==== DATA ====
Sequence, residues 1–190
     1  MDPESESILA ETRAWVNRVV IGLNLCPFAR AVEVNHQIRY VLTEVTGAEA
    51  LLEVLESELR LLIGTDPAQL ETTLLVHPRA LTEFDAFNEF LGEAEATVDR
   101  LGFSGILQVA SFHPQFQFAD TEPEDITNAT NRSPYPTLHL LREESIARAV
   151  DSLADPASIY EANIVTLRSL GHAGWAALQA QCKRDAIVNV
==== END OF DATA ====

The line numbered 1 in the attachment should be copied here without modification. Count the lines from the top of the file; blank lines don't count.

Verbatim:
Sequence, residues 1–190